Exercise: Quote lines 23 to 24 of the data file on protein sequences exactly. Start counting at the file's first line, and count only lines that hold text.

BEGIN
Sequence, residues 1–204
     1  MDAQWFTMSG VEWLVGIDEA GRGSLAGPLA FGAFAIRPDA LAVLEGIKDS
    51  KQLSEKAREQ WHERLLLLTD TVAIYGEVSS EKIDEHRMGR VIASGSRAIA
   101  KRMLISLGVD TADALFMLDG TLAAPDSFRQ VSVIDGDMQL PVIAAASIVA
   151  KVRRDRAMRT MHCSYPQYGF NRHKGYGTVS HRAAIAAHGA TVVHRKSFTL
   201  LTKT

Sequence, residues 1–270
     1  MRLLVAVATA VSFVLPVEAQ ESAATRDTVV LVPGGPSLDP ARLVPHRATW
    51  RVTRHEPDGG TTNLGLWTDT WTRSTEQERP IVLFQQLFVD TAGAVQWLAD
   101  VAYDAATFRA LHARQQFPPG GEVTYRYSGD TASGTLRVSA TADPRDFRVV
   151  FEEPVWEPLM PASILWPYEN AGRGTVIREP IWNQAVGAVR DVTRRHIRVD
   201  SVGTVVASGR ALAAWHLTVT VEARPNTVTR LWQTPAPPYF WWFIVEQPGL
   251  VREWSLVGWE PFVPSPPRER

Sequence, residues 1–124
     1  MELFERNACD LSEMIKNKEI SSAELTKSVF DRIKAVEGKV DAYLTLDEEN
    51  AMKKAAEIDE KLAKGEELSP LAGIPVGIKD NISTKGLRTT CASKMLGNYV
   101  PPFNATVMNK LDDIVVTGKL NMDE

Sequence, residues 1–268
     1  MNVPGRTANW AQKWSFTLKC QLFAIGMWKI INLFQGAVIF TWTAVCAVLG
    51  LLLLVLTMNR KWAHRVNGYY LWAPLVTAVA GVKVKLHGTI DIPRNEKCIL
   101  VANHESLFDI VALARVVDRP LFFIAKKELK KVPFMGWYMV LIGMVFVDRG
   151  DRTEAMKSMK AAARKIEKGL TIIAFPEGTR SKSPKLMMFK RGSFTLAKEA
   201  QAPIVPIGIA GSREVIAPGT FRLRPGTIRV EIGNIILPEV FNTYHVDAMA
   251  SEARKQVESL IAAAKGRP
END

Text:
   201  QAPIVPIGIA GSREVIAPGT FRLRPGTIRV EIGNIILPEV FNTYHVDAMA
   251  SEARKQVESL IAAAKGRP